Chateau Mulcahy’s wine range is made on Pat and Miriam’s 46 hectare estate and vineyard in Hungary. Expert Hungarian winemakers use a variety of grapes to create 15 different wines – sampling takes place in the farm’s tasting room and cellar. In the coming months, Pat is expanding the special function and farm tour side of things – where groups can walk the farm before enjoying a home cooked meal afterwards in a lovely converted barn complete with a Hungarian-style, brick-built wood fire. School tours will give local children the opportunity to see how meat is produced in a natural environment. Special occasion functions are also catered for. The Mulcahy family has taken a giant leap to become self sufficient as a farm and business enterprise. An example of how things can turn around when those at the helm really do take control of their own success. Ballinwillin House and Farm, Mitchelstown, Co Cork. Tel: +353 (0) 25 24777; or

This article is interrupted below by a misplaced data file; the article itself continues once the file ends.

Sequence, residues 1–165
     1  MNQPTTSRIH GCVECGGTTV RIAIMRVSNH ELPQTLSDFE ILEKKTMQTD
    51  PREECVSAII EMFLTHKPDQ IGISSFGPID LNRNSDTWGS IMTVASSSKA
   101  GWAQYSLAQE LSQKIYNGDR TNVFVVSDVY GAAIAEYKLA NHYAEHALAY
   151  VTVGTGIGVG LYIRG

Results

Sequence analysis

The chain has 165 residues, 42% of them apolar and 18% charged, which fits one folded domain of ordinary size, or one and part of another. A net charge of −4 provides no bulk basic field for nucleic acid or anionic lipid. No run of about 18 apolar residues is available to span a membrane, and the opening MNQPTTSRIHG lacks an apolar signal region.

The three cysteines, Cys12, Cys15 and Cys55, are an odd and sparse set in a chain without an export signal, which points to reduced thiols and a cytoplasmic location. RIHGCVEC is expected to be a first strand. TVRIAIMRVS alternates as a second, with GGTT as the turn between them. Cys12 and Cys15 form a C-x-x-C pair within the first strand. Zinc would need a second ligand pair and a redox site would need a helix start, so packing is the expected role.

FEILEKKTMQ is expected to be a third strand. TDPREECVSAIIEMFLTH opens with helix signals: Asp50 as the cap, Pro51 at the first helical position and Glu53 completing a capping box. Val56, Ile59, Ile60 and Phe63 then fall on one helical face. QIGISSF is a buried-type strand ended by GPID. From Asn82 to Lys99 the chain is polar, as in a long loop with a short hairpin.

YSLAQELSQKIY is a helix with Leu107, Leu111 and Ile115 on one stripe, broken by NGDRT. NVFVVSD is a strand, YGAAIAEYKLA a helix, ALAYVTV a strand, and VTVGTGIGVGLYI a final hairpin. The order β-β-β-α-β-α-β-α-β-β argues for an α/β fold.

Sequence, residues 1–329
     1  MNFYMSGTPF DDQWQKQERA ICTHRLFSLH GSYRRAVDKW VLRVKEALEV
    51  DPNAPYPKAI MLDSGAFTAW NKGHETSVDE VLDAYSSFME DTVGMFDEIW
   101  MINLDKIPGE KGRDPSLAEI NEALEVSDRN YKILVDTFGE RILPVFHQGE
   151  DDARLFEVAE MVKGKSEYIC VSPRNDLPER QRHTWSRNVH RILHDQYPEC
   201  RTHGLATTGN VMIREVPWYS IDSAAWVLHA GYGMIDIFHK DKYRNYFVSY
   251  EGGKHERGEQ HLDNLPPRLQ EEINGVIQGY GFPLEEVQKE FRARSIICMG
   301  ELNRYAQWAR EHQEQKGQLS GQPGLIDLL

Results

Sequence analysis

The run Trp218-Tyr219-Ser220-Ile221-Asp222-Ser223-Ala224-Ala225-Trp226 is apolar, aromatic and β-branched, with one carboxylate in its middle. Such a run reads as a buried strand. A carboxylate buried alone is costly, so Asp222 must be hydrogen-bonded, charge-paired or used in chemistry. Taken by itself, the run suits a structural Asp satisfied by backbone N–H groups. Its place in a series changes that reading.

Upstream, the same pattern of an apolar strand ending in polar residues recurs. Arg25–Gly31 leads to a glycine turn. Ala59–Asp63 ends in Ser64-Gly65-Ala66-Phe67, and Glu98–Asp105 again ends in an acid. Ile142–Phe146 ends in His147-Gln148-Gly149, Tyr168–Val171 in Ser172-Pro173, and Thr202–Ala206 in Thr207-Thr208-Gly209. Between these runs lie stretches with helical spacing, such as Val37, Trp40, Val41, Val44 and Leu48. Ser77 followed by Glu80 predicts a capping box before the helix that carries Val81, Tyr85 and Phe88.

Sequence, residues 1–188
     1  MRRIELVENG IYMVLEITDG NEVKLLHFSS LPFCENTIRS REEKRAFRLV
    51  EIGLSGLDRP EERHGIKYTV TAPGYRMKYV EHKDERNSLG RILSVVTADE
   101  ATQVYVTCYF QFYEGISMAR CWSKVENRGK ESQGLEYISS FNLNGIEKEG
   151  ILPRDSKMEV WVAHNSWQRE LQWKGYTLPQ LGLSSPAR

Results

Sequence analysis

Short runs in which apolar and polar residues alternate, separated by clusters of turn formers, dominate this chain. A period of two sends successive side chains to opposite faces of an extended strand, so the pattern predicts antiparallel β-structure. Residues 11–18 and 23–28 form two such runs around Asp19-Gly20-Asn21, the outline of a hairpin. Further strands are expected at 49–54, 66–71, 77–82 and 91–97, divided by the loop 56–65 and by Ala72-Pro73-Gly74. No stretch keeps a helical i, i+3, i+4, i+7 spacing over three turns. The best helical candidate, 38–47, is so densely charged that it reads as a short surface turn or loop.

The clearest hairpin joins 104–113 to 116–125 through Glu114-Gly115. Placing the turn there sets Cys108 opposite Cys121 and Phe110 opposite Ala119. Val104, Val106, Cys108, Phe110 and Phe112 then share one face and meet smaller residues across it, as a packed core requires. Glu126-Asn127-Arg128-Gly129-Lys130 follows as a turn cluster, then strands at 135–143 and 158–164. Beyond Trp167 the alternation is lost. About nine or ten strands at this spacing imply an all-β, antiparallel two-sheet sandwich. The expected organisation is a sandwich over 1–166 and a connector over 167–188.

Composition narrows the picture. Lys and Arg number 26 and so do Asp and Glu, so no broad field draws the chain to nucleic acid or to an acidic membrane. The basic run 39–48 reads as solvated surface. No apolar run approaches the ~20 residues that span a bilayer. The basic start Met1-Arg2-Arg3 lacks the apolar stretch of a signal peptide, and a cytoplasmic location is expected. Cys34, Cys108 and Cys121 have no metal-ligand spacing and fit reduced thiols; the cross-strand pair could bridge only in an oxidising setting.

6. Use oriental spices to flavour free range belly pork before

roasting. Rub the rind and meat with a mix of ground star anise and Szechuan peppercorns with sea salt. You can leave this in the fridge overnight for a more infused taste. Drizzle with a little oil and slow roast at 180ºC/gas mark 4 for an hour and a half or until tender and skin is crisp.

7. Fresh apple sauce is a time honoured accompaniment to roast pork – but you could try plum or cranberry sauce too.

8. Venison makes a flavoursome stew. Use it as you would beef.